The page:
The Greek word ‘koinós’ is translated “unclean” in Romans 14:14:

I know and am convinced in the Lord Jesus that nothing is unclean (‘koinós’ G2839) in itself; but to him who thinks anything to be unclean (G2839), to him it is unclean (G2839).

Christians that are “weak in faith” (14:1) considered meat to be “unclean” (v14, 21) and would make the eater unclean.  They therefore did not eat meat.  This word ‘koinós’ does not refer to regulations found in the Torah and it does not relate to the unclean animals of the Old Testament.

This is firstly indicated by the fact that the term ‘koinos’ is different from the word “akathartos” (meaning impure) which is used in the LXX (the Greek translation of the Old Testament, also called the Septuagint) of Leviticus 11 for meat which is unfit for human consumption.  ‘Koinos’ does not carry the sense of being impure, but common, unfit for the holy purpose of sacrifices, and defiling (see 1 Macc 1:47). This suggests that the dispute in the church in Rome was not over meat which was unlawful according to the Mosaic Law.

This is secondly also indicated by the other uses of ‘koinos’ in the Bible:

  1. In Mark 7:2 & 5 ‘koinos’ is used for eating with impure (G2839) hands; referring to the Jewish traditions which Christ described as “the precepts of men” (Mark 7:7)
  2. ‘Koinos’ is frequently translated with the word “common”. For instance, believers in the early church had all things in common (G2839) (Acts 2:44; 4:32), Paul and Titus shared a common faith (Titus 1:4) and Jude 1:3 refers our common (G2839) salvation. The word ‘koinós’ can therefore be understood in contrast to the word “holy”, which means to be set apart for special use.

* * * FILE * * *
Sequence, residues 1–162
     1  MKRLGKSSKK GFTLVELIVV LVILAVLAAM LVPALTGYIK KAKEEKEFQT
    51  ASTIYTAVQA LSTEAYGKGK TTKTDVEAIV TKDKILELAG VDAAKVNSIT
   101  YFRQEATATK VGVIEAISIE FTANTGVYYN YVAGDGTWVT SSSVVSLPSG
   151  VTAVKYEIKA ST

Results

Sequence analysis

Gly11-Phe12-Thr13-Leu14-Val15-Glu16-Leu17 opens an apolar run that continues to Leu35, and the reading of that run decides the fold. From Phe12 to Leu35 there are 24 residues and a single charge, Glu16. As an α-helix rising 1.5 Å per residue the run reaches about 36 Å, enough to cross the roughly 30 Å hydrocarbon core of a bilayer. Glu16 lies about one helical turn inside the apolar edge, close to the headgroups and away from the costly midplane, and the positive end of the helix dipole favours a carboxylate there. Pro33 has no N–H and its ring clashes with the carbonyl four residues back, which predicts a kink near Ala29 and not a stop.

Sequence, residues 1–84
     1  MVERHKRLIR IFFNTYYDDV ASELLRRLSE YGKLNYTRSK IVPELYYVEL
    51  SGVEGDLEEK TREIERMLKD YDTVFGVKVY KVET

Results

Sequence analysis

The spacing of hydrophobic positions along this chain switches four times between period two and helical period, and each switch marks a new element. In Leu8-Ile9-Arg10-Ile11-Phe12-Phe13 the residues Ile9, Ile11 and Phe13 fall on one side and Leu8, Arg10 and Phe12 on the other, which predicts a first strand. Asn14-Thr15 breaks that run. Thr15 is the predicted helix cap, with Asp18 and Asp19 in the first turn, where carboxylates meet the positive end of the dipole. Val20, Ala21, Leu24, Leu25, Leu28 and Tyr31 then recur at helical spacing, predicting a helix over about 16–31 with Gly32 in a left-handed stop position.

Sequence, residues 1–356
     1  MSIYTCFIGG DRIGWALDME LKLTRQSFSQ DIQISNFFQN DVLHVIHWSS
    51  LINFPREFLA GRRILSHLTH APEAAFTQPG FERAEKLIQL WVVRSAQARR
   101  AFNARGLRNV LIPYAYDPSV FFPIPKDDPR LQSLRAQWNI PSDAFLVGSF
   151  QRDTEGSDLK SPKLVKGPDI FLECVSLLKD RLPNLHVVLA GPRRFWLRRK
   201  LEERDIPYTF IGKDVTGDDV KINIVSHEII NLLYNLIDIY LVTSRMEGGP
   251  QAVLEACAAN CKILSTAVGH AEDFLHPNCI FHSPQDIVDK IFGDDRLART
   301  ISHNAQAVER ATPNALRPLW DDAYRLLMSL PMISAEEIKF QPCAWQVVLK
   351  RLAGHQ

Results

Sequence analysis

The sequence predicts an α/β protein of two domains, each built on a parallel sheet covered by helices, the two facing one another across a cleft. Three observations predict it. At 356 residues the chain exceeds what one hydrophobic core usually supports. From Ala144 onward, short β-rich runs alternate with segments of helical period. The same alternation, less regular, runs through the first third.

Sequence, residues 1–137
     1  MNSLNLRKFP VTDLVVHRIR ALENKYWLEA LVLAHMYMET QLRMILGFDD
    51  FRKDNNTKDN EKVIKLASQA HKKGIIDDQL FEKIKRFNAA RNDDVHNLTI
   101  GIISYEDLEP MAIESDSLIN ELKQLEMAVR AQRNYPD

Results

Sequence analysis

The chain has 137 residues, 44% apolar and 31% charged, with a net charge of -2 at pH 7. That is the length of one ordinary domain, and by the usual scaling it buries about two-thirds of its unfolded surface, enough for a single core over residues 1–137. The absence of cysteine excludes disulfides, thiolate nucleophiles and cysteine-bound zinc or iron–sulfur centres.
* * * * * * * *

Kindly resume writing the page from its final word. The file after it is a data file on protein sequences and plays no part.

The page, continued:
3. ‘Koinos’ is also used in the account of the vision which Peter had. It is twice recorded that Peter said that he has never eaten anything unholy (G2839) and unclean (G169) (Acts 10:14; 11:8). ‘Koinós’ (G2839) is here translates “unholy”, with the other word (G169) translated as “unclean”. The response from heaven to Peter’s objection does use to this other word. The voice Peter heard said, “What God has cleansed, no longer consider unholy (G2839)” (Acts 10:15), and Peter later explained, saying “God has shown me that I should not call any man unholy (G2839) or unclean (G169)” (Acts 10:28; 11:9). The point is that this vision was about people; not animals. The vision was about Gentiles that were, in the Jewish traditions, considered to be unholy to such an extent that the Jews did not associate with Gentiles. The voice from heaven instructs the church, via Peter, not to think of Gentiles as unholy.  The vision had nothing to do with Old Testament prescriptions. Perhaps the NASB should have used the word “unholy” also in Romans 14:14, rather than “unclean”, seeing that “unholy” is used for the same word in Acts.
  4. Hebrews 10:29 refers to people who regard “as unclean (G2839) the blood of the covenant”. Again the point is that ‘koinos’ does not relate to Old Testament laws.
  5. Revelation 21:27 describe unclean (G2839) people as those who practice abomination and lying.

It should therefore be adequately clear that the word “unclean” in Romans 14:14 does not refer to the animals classified as unclean by the Law of Moses.  It means “common” or “unholy”.  In other words it refers to something that God’s people, being set apart for God, should not come in contact with because it will defile them.  Many films will fall into this category.

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Next: Food in Corinth

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